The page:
Can applying coffee to the scalp restore hair growth? The evidence looks promising

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Hair loss can be attributed to a number of external and internal processes and teasing these apart can be tricky. It can be a response to stressful situations, for example, or genetics. In fact, genetics plays a more prominent role. It is behind the leading cause of hair loss in men – male pattern baldness.

Researchers believe that male pattern baldness, also known as androgenetic alopeci, is the result of the sex hormone dihydrotestosterone (DHT) damaging hair follicles.

Testosterone is thought to facilitate this process, which eventually leads to baldness.

Confronted with the power of genetics, hair loss of this nature can seem like an insoluble problem, but you can address it.

Research suggests you do not have to undergo an invasive procedure or opt for expensive drugs with nasty side effects to halt it either.

Why? Applying caffeine in coffee has shown promise in stimulating hair growth and stopping male pattern hair loss.

It is thought to block the DHT mechanism by inhibiting testosterone.

In one study, researchers used scalp biopsy samples from male AGA patients which were cultivated using different concentrations of testosterone and/or caffeine for a period of 120-192 hours.

The addition of caffeine in concentrations of 0.001 percent and 0.005 percent were found to counteract the suppressive effects of testosterone on hair growth, with a higher hair shaft elongation seen at 120 hours after caffeine administration, compared to the control group.

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The researchers concluded that this “clearly demonstrates that caffeine is a stimulator of human hair growth which may have importance in the treatment of AGA”.

Why is the scalp application the preferred method?

A recent study assessed the “follicular penetration of topical caffeine in hair follicles” and found hair follicles to be a faster route of drug delivery for topically applied drugs.

Bolstering the claim, another study assessed the follicular penetration of caffeine on a topical application in a shampoo formulation for two minutes and showed that penetration via hair follicles was faster and higher compared with the interfollicular route (situated between follicles) and that hair follicles were the only pathway for faster caffeine absorption during the first 20 minutes after application.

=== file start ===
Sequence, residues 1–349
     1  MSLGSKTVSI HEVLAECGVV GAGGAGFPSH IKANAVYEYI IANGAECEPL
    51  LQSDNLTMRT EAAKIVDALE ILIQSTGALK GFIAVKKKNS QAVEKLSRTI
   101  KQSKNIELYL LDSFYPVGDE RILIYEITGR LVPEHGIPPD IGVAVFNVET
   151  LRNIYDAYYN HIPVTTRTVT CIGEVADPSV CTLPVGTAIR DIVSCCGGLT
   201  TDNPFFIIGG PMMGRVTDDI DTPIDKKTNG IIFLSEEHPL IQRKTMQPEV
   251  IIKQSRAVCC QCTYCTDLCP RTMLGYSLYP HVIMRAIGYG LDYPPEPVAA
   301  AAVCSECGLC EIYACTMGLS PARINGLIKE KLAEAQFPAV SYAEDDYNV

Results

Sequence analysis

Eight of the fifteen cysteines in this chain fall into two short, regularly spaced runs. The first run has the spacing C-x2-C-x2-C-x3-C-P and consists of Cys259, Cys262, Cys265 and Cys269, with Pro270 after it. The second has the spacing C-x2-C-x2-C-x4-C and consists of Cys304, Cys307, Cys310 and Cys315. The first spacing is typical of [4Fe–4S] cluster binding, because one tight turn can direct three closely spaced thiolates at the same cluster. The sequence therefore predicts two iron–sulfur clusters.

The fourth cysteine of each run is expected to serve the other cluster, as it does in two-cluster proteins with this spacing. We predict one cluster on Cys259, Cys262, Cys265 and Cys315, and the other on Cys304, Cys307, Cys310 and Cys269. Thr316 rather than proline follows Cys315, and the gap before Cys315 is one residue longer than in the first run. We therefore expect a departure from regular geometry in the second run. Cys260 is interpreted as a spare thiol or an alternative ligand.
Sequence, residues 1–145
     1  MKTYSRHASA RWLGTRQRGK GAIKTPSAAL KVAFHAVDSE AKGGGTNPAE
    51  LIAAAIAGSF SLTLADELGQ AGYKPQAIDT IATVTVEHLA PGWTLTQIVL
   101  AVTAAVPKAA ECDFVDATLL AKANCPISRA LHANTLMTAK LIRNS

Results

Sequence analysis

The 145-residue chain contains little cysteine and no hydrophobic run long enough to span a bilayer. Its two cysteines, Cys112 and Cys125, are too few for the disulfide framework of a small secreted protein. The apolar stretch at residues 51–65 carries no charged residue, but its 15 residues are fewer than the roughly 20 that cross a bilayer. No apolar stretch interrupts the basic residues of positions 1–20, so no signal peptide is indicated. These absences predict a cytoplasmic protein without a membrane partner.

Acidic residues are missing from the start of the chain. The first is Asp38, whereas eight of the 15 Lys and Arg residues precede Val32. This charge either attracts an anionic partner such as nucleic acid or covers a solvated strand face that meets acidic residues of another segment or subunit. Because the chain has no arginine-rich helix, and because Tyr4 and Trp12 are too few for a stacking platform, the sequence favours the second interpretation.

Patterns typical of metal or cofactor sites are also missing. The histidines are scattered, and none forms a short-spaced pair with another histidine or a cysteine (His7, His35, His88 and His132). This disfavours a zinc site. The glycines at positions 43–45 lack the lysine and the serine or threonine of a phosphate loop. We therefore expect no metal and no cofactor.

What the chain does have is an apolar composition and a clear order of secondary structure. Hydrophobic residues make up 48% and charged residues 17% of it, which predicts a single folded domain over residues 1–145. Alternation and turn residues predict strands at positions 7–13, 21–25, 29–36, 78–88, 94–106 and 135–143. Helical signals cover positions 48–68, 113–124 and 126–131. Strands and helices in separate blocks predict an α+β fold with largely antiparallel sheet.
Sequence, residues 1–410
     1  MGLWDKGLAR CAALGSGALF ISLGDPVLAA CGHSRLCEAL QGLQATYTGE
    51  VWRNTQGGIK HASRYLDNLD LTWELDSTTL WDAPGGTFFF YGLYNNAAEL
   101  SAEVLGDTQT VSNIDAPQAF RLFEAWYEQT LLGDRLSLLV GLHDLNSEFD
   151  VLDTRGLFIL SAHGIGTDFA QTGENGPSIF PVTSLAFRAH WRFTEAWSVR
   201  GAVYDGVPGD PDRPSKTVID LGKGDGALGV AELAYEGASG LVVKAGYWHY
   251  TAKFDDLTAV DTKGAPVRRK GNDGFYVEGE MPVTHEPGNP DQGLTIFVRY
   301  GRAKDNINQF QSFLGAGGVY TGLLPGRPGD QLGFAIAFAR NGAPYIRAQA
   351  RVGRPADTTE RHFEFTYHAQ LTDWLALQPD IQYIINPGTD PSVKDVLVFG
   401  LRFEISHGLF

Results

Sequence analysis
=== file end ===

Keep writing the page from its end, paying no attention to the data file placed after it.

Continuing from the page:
More conventional approaches

According to the NHS, finasteride and minoxidil are the main treatments for male pattern baldness.

“Minoxidil can also be used to treat female pattern baldness. Women shouldn’t use finasteride,” warns the health body.

It is important to note that there are a number of drawbacks to consider before taking these drug treatments, it explains.

These treatments:

  • Don’t work for everyone
  • Only work for as long as they’re used
  • Aren’t available on the NHS
  • Can be expensive.

Some wigs are also available on the NHS, but you may have to pay unless you qualify for financial help.

Other more costly options include:

  • Steroid injections – injections given into bald patches
  • Steroid creams – cream applied to bald patches
  • Immunotherapy – chemical applied to bald patches
  • Light treatment – shining ultraviolet light on bald patches
  • Tattooing – tattoo used to look like short hair and eyebrows
  • Hair transplant – hair cells are moved to thinning patches
  • Scalp reduction surgery – sections of the scalp with hair are stretched and stitched together
  • Artificial hair transplant – surgery to implant artificial hairs.

Some of the above treatments may not be available on the NHS.

“If your hair loss is causing you distress, your GP may be able to help you get some counselling,” says the NHS.

You may also benefit from joining a support group, or speaking to other people in the same situation on online forums.

Try these online support groups:

  • Alopecia UK
  • Alopecia Awareness.

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